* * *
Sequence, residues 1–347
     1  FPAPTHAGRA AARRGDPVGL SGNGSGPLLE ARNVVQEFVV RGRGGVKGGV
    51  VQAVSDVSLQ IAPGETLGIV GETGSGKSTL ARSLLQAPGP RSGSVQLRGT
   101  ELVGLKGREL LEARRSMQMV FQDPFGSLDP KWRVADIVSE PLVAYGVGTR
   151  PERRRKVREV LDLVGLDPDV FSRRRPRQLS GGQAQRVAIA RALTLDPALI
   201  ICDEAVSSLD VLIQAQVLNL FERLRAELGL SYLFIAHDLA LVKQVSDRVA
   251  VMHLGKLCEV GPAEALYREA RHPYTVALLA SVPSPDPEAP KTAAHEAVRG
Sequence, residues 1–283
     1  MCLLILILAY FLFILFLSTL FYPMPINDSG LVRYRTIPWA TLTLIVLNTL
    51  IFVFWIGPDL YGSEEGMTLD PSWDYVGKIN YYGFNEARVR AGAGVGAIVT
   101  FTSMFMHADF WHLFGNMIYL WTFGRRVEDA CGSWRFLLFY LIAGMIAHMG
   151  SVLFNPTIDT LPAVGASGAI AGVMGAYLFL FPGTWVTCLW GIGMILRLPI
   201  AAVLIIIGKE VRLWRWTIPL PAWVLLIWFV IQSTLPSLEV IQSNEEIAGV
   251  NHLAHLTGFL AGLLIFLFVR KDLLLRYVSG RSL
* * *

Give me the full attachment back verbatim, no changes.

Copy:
Sequence, residues 1–347
     1  FPAPTHAGRA AARRGDPVGL SGNGSGPLLE ARNVVQEFVV RGRGGVKGGV
    51  VQAVSDVSLQ IAPGETLGIV GETGSGKSTL ARSLLQAPGP RSGSVQLRGT
   101  ELVGLKGREL LEARRSMQMV FQDPFGSLDP KWRVADIVSE PLVAYGVGTR
   151  PERRRKVREV LDLVGLDPDV FSRRRPRQLS GGQAQRVAIA RALTLDPALI
   201  ICDEAVSSLD VLIQAQVLNL FERLRAELGL SYLFIAHDLA LVKQVSDRVA
   251  VMHLGKLCEV GPAEALYREA RHPYTVALLA SVPSPDPEAP KTAAHEAVRG
Sequence, residues 1–283
     1  MCLLILILAY FLFILFLSTL FYPMPINDSG LVRYRTIPWA TLTLIVLNTL
    51  IFVFWIGPDL YGSEEGMTLD PSWDYVGKIN YYGFNEARVR AGAGVGAIVT
   101  FTSMFMHADF WHLFGNMIYL WTFGRRVEDA CGSWRFLLFY LIAGMIAHMG
   151  SVLFNPTIDT LPAVGASGAI AGVMGAYLFL FPGTWVTCLW GIGMILRLPI
   201  AAVLIIIGKE VRLWRWTIPL PAWVLLIWFV IQSTLPSLEV IQSNEEIAGV
   251  NHLAHLTGFL AGLLIFLFVR KDLLLRYVSG RSL